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Letter Report to Sir Michael Marmot on the Social Determinants of Health 2005 Rethinking the "diseases of affluence" paradigm: Global patterns of nutritional risks in relation to economic development. PLoS Medicine 2:404–412. Ezzati, M., S. Vander Hoorn, A. Rodgers, A.D. Lopez, C.D. Mathers, C.J. L. Murray, and Comparative Risk Assessment Collaborating Group 2003 Estimates of global and regional potential health gains from reducing multiple major risk factors. The Lancet 362:271–280. Fewtrell, M.S. 2006 Osteoporosis: Is primary prevention possible? Pp. 135–151 in Primary Prevention by Nutrition Intervention in Infancy and Childhood., A. Lucas and H.A. Sampson, eds. Basel, Switzerland: Karger AG. Finch, C.E., and E.M. Crimmins 2004 Inflammatory exposure and historical changes in human life-spans. Science 305:1736–1739. Freedman, V.A., and L.G. Martin 1999 The role of education in explaining and forecasting trends in functional limitations among older Americans. Demography 36(4):461–473. Goldman, D.P., B. Shang, J. Bhattacharya, A.M. Garber, M. Hurd, G.F. Joyce, D.N. Lakdawalla, C. Panis, and P.G. Shekelle 2005 Consequences of health trends and medical innovation for the future elderly. Health Affairs web exclusive September 26, 2005. Goldman, D.P., and J.P. Smith 2002 Can patient self-management help explain the SES health gradient? Proceedings of the National Academies 99(16):10929–10934. Gruber, J., and D. Wise (eds.) 1999 Social Security and Retirement around the World. Chicago: University of Chicago Press. Hayward, M.D. and B.K. Gorman 2004 The long arm of childhood: The influence of early-life social conditions on men’s mortality. Demography 41(1):87–107. He, W., M. Sengupta, V.A. Velkoff, and K.A. DeBarros 2005 65+ in the United States: 2005. Current Population Reports Special Studies, P23-209. National Institute on Aging and U.S. Census Bureau. Washington, DC: U.S. Department of Health and Human Services and U.S. Department of Commerce. Institute of Medicine 2003 Unequal Treatment: Confronting Racial and Ethnic Disparities in Health Care. Committee on Understanding and Eliminating Racial and Ethnic Disparities in Health Care, B.D. Smedley, A.Y. Stith, and A.R. Nelson, eds. Board on Health Sciences Policy. Washington, DC: National Academies Press. 2004 Health Literacy: A Prescription to End Confusion. Committee on Health Literacy, L. Nielsen-Bohlman, A.M. Panzer, and D.A. Kindig, eds. Washington, DC: National Academies Press. International Labour Organization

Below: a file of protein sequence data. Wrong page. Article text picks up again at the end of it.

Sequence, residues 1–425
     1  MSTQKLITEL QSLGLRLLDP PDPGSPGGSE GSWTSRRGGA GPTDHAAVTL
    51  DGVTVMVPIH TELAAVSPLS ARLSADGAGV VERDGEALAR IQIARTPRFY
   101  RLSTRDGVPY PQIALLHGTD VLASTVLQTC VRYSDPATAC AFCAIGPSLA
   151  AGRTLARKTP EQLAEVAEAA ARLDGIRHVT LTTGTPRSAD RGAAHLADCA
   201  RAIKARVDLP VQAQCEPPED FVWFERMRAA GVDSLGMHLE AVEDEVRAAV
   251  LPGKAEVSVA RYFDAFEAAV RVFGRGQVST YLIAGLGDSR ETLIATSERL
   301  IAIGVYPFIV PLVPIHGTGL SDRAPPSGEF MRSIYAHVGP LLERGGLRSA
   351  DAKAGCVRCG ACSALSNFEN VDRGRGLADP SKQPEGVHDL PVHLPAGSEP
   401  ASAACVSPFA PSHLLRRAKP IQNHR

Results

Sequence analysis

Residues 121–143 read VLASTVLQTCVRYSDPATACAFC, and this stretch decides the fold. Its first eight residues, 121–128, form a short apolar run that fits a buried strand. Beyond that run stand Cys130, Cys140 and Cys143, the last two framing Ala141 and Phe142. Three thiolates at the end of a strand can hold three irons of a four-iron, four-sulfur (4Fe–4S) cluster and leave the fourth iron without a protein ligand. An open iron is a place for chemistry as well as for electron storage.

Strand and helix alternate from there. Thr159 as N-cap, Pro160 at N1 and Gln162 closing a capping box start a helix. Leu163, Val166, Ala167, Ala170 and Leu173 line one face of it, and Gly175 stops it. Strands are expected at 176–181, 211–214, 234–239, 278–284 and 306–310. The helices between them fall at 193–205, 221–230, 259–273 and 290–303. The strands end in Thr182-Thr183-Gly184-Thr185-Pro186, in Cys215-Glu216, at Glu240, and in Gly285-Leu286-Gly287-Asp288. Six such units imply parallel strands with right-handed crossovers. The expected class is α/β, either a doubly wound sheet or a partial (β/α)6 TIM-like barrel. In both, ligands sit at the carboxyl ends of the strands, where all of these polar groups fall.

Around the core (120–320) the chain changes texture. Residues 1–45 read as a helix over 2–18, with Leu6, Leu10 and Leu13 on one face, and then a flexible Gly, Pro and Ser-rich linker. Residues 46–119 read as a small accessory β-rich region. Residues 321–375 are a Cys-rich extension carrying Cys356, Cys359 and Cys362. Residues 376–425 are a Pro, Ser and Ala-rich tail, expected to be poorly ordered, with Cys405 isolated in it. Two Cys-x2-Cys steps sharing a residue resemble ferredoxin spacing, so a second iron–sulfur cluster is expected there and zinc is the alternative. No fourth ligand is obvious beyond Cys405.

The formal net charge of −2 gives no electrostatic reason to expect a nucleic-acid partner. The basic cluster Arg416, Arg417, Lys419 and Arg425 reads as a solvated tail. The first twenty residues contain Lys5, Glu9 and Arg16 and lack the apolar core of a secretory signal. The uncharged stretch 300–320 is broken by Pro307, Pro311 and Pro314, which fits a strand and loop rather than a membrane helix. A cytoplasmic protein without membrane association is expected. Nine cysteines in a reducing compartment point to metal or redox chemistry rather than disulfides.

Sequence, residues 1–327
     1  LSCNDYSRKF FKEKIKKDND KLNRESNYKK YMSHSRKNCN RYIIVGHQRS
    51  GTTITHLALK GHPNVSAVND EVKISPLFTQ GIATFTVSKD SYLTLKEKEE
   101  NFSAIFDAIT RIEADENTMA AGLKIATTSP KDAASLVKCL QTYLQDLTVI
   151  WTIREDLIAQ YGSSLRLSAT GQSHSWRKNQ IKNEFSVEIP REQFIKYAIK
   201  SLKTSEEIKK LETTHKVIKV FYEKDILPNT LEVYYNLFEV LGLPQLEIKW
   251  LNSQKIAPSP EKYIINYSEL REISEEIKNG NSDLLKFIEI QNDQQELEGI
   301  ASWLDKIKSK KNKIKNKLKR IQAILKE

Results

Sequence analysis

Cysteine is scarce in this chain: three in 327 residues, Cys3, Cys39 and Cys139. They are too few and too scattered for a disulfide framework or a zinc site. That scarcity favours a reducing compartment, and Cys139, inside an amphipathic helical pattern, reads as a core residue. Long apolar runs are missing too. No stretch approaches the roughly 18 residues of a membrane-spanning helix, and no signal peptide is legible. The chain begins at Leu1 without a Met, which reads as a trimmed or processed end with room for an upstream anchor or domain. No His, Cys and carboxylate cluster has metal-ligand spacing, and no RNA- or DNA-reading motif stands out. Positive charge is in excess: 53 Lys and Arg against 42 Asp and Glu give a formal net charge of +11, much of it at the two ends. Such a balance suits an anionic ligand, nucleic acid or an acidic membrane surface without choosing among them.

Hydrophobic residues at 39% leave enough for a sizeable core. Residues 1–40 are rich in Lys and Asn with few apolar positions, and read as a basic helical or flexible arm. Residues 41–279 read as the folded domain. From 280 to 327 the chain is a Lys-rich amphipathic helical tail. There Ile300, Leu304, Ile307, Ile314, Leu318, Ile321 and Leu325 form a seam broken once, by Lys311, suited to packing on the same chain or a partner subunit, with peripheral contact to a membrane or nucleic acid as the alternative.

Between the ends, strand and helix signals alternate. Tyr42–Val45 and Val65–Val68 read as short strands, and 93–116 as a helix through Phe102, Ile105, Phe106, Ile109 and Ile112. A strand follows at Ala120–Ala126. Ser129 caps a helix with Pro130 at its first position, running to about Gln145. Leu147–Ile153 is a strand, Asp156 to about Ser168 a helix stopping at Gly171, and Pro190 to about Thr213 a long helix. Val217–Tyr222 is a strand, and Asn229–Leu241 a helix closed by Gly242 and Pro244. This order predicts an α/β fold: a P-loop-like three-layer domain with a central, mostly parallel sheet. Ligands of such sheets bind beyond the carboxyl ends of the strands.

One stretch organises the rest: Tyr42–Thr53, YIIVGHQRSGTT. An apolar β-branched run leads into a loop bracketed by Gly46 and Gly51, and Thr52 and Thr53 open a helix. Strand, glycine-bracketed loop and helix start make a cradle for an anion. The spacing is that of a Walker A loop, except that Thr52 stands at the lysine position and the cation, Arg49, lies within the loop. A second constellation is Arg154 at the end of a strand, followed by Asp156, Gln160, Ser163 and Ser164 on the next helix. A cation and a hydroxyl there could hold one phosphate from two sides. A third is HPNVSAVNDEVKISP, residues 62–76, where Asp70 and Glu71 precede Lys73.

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Letter Report to Sir Michael Marmot on the Social Determinants of Health Wen, M., L.C. Hawley, and J.T. Cacioppo 2006 Objective and perceived neighborhood environment, individual SES and psychosocial factors, and self-rates health: An analysis of older adults in Cook County, Illinois. Social Science and Medicine 63(10):2575–2590.